Manganese oxides are thought to be a signature of atmospheric oxygen. But on the Red Planet, recent results suggest they might be more of a red herring.
The middle atmosphere of Mars is a critical region influenced by both waves from below and solar radiation from above, but until now there have been very few observational constraints on this region.
The impact sent surface waves rippling over the Martian surface all the way to NASA’s InSight lander, giving scientists a rare view of the planet’s outer layer.
In a stroke of luck, the SuperCam microphone on Perseverance was turned on the moment a dust devil swept directly over the rover.
High-resolution imagery of newly discovered paleolakes shows a period of consistent liquid water flow.
By studying these literal chunks of Mars, scientists are learning more about the Red Planet’s deep interior and impact history.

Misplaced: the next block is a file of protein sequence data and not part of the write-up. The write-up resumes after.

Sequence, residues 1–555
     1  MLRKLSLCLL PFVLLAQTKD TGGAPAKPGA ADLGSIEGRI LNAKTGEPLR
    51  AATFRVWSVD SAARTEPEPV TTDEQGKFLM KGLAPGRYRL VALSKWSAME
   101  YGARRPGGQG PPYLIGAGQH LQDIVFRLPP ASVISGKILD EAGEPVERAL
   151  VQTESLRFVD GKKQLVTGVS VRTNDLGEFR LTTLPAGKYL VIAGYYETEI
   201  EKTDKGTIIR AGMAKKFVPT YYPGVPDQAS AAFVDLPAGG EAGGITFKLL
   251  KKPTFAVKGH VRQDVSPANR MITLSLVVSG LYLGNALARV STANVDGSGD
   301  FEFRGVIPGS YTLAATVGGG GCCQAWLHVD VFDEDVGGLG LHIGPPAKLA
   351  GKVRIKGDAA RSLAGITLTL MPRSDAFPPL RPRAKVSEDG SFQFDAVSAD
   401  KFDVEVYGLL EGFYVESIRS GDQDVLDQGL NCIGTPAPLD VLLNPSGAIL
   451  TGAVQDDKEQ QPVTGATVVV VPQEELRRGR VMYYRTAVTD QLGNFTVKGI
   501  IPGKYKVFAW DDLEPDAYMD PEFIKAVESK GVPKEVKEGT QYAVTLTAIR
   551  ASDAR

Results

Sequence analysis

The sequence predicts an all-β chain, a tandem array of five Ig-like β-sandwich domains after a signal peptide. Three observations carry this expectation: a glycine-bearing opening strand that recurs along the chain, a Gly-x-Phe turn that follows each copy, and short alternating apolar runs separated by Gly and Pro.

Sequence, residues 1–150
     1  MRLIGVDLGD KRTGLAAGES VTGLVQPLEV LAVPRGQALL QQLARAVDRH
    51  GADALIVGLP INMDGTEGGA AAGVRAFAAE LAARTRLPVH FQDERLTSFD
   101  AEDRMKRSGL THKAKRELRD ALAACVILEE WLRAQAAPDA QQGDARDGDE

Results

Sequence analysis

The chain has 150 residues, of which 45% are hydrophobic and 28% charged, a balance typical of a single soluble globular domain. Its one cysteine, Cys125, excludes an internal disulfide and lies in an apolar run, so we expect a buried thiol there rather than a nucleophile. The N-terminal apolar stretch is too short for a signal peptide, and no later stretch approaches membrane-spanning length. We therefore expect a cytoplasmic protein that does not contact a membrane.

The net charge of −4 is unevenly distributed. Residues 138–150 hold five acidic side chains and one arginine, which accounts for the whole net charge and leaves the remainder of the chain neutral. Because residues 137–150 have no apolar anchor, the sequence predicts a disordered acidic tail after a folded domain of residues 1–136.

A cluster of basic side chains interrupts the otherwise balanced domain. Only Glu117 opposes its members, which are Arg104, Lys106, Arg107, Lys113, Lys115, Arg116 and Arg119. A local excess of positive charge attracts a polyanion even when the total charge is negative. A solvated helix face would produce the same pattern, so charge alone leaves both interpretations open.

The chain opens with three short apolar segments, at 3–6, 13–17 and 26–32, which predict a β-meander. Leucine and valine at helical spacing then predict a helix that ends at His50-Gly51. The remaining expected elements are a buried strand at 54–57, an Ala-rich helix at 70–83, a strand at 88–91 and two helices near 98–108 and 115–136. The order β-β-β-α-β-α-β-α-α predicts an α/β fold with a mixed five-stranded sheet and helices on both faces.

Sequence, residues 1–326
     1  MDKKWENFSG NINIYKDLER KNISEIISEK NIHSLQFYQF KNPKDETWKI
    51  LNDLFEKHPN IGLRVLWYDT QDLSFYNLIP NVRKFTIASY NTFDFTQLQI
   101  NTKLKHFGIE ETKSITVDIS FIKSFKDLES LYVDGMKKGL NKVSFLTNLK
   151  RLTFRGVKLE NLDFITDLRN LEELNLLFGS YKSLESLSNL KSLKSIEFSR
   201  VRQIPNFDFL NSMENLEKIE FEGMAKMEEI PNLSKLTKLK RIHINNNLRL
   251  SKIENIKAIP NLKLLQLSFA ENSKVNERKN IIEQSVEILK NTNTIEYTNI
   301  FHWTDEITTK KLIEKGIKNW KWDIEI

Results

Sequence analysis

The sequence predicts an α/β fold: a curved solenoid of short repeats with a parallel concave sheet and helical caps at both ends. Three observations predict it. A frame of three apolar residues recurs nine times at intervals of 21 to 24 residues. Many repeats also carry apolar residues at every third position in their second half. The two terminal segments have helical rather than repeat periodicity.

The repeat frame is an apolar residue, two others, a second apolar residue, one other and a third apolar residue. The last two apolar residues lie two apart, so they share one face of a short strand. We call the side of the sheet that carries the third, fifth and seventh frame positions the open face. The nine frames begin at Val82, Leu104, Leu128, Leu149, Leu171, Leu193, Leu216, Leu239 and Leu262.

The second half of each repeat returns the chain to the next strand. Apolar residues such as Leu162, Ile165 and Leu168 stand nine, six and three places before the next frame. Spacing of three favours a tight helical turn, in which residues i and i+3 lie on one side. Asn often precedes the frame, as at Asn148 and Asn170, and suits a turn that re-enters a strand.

Seismic signals detected by the InSight lander show that the planet’s lower mantle may be less homogenous than previous models have suggested.
Solar occultation observations from the ACS/MIR instrument provide coincident profiles of O3, H2O and temperature, shedding light on correlations and unveiling knowledge gaps in Mars’s photochemistry.
The discovery of tridymite in Mars’s Gale Crater triggered debate about the rare mineral’s origins. A research team recently suggested a scenario with explosive implications.
Each solar cycle might seem like the same old story, but one thing has changed significantly since the previous solar maximum–our technology.